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‘Dreamer’ lawyers being detained at southern border

Copyright © 2019 Albuquerque Journal

Lawyers with the Santa Fe Dreamers Project are among a growing number of immigration attorneys, advocates and journalists who have been detained and questioned by officials at the border.

“I complied. I know that I have nothing to hide or anything to be afraid of,” said Hector Ruiz, an attorney based on the border for the Santa Fe Dreamers Project. The non-profit organization provides free legal assistance for Deferred Action for Childhood Arrivals recipients, or “Dreamers,” in New Mexico and asylum seekers, including transgender women.

Ruiz said he was held for four hours by Customs and Border Protection officers after returning from a dinner in Ciudad Juárez in December. He was detained in a waiting room until investigators in plain clothes arrived.

“They tell me their job is to investigate terrorism and criminal activity on the border so they just started asking me questions about the work that I do, the organization I work for, how the organization gets funded,” Ruiz said.

NBC News was first to report about a CBP list in the San Diego area with the names of 59 reporters, lawyers and activists, including many U.S. citizens, targeted for additional screening when crossing the border into the United States. The list was compiled after some members of a caravan of Honduran migrants tried to climb the border fence or run through ports of entry.

The House Homeland Security Committee asked CBP for a copy of the list after the NBC report and an explanation about why each person had been included and whether any cellphones had been seized and searched.

CBP officers are authorized to search electronic devices at the border. “As a constitutional matter, border search authority is premised in part on a reduced expectation of privacy associated with international travel,” according to CBP directives listed on the agency’s website.

The search can include cellphones, computer laptops, tablets or other electronic devices and may happen whenever someone enters or leaves the country.

“They help detect evidence relating to terrorism and other national security matters, human and bulk cash smuggling, contraband and child pornography,” according to CBP.

The investigators who questioned Ruiz gave him a pamphlet explaining they had the right to search his phone, so he handed it over and unlocked the device.

“I have nothing to hide. I’m not a criminal. I’m not a terrorist. I’m just doing my job as an American citizen,” Ruiz said.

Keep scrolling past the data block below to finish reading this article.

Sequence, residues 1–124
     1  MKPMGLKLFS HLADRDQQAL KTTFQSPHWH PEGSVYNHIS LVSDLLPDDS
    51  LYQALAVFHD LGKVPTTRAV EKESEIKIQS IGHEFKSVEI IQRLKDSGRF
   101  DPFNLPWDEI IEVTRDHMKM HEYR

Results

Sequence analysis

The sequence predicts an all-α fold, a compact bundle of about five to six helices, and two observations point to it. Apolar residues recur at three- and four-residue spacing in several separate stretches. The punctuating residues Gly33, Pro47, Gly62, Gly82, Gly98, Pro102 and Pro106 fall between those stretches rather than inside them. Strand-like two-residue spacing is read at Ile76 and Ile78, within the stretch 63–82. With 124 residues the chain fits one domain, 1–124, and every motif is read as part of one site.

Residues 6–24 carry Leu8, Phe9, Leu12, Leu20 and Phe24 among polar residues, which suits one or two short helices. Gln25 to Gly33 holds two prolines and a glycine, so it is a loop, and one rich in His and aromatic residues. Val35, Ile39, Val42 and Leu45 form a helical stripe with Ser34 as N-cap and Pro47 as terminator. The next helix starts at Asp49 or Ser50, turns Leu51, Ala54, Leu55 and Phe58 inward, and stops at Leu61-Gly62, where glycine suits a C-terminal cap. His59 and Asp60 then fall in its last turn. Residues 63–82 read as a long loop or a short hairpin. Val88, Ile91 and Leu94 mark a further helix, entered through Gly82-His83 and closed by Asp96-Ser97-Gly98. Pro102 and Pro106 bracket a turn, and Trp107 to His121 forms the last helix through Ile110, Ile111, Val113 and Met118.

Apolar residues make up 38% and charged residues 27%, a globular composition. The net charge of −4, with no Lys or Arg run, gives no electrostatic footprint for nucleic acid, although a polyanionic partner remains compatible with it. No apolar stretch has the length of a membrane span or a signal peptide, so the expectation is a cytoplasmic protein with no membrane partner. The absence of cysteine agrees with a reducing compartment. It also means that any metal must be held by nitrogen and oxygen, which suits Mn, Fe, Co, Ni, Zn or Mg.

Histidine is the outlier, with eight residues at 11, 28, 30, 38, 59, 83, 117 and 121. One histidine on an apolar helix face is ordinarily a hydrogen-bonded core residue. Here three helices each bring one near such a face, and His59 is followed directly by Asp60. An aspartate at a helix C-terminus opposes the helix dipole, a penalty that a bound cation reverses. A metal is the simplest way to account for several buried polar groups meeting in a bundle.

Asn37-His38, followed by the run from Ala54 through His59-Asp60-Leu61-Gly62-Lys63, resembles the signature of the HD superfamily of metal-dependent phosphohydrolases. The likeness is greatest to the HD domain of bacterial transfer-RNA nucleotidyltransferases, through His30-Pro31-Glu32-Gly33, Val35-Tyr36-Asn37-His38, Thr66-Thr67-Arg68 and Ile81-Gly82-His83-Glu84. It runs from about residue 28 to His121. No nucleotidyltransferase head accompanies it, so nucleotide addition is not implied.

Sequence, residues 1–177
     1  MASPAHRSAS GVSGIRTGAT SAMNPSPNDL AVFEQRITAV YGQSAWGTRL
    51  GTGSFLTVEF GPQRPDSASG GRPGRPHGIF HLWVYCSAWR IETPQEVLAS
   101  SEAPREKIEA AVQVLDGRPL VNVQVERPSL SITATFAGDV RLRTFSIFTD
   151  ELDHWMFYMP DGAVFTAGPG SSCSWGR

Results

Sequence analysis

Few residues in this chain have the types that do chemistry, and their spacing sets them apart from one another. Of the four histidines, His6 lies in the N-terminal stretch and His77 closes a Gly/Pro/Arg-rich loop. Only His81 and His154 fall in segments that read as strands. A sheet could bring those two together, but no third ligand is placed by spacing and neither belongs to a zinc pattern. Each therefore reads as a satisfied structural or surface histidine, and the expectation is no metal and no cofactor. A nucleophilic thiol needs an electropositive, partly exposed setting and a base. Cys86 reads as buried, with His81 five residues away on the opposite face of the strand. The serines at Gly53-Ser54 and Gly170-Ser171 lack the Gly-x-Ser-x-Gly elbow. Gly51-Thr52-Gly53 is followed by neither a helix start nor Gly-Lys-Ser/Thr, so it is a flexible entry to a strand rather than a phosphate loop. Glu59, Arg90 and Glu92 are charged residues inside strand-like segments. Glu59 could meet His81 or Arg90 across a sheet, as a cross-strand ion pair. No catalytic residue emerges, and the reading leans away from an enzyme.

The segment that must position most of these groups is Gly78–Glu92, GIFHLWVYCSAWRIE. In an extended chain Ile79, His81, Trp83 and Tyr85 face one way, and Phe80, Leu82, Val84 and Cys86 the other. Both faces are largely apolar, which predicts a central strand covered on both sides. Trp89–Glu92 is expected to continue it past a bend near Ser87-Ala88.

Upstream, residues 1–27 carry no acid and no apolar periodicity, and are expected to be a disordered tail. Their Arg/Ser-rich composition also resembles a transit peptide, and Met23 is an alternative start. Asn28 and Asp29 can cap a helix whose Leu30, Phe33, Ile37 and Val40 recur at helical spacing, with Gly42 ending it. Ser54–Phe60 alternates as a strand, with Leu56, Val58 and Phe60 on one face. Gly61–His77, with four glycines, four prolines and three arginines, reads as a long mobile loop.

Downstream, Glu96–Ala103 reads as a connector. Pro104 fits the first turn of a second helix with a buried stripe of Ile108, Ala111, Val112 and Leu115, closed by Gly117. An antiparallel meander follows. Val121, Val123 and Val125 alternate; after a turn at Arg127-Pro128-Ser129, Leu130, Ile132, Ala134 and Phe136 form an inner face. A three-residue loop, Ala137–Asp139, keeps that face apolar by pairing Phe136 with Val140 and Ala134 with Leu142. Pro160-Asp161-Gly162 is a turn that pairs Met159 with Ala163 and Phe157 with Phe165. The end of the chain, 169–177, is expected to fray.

He watched as the agents looked at his photos, contacts, read his text messages and WhatsApp conversations. They took notes and asked how he knew some of the people.

“They asked me my opinion on the way the country is being run by the administration,” Ruiz said. In addition to his political views, the immigration lawyer said they wanted to know more about his personal experience. He was raised on the border and crosses back and forth on a regular basis.

“The line of questioning made me feel like they were really trying to get to the bottom of this radicalizing experience,” Ruiz said.

Since the incident in December, Ruiz said he has not been stopped again by CBP officers. During the four hours he was detained and questioned he tried to explain to investigators his role as an attorney meeting with migrants waiting in Mexico to make an asylum claim in the U.S.

“I’m not fighting against the government. I’m just advocating for folks’ ability to exercise their rights under U.S. law,” Ruiz said.

Allegra Love, the director of the Santa Fe Dreamers Project, has been stopped at the Arizona border after returning from Mexico several times.

“It was getting harder for me to make it across the border. I’d just show my passport and they’d be like we need to pull you into secondary inspection,” said Love, who is also an attorney.

Although she was questioned, Love said she did not have to hand over her phone or any other electronic devices.

CBP officers asked to look at documents a legal assistant traveling with Love had, but when the woman declined the officers did not insist, according to Love.

She wonders if officials are suspicious about the work she’s doing in Mexico.

“They suspect that I am somehow organizing and encouraging people to ask for political asylum. But that’s not the case at all,” Love said.

Rather, she explained, she counsels transgender women to think carefully about what will happen if they cross the border without authorization and are locked up in a detention center.

“Every single client that we work with goes through the ports of entry because it’s absolutely safer than crossing the border illegally,” Love said.

As the Trump administration’s remain-in-Mexico program, renamed the “Migrant Protection Protocol,” is expanded to the El Paso region, which includes New Mexico, more U.S. lawyers will have to cross the border to meet with clients waiting in Mexico who have an asylum claim in the U.S.

“What concerns me is that the government is actively trying to kill our work providing really, really, really critical humanitarian aid to massive groups of vulnerable people,” Love said.

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